Breaking news out of Brussels today reports that talks to further Greek financing have broken down according to the Wall Street Journal. Some economic backdrop on the situation, Greece is in a dire financial situation and needs financing in order repay debts and keep their government functioning. The Greek government, however, is not fond of the terms in which Greece will receive financing from the European Central Bank. Greece feels the terms put a further damper on their economy. But maybe the problem isn’t with Greece or the terms laid out by the officials of the ECB. Maybe the problem much deeper and is brought on by the existence of the Euro itself.
Last semester, I took a course on the European Economy that covered everything from just before the creation of the Euro to present day struggles. When the Euro was first introduced, it served as a unity symbol for all of Europe. The theory was that in order for European countries to be a leading global macroeconomic power, they needed to bind together. The Wall Street Journal has another article which discusses the Euro as a unity symbol and further describes the current Greece issues which can be viewed here. But surely 28 European countries did not form a single currency just to show they were united as one. Rather, the initial economic thought was that the Euro zone would benefit from economies of scale and that individual countries would benefit from a removal of trade barriers.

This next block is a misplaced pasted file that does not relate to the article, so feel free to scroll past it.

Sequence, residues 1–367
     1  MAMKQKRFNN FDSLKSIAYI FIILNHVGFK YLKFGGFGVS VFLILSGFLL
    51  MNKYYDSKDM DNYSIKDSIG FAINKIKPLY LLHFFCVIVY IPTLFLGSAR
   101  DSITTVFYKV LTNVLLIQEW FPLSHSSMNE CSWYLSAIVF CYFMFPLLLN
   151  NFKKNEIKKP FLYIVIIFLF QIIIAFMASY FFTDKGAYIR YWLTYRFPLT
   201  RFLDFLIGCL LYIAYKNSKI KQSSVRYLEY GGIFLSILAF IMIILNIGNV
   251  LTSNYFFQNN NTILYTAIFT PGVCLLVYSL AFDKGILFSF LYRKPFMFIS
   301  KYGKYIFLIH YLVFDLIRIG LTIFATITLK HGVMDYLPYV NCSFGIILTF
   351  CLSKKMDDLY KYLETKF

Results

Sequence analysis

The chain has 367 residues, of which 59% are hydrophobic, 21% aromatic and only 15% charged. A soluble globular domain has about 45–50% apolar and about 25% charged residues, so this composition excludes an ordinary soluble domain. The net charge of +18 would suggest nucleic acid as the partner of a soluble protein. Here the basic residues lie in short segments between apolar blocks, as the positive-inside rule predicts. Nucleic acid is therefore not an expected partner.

Now for the reality. There are also many harsh implications when uniting multiple diverse countries (and economies) into a single currency. First and foremost, monetary policy dissolves. The ECB still has control over monetary policy, but the needs of Germany may be very different from the needs of say Greece. When Greece is struggling with net exports, they are unable to set a more accommodating monetary policy via quantitative easing. This is a built in failure of the Euro zone. And it goes both ways. Former Fed chairman William McChesney Martin famously coined the phrase that the job of the Fed is to take away the punch bowl right before the party begins. The reason for this is to temper inflation. So if a country is experiencing tremendous growth with low interest rates, they are at risk of inflation. The Fed can simply raise the nominal interest rate. The German Bundesbank, however, has to leave that power up to the ECB. Ultimately, the Euro zone is too economically diverse to function as a single unit. It may take Greece falling out of the Euro zone to start a domino effect, but eventually, the Euro will fail.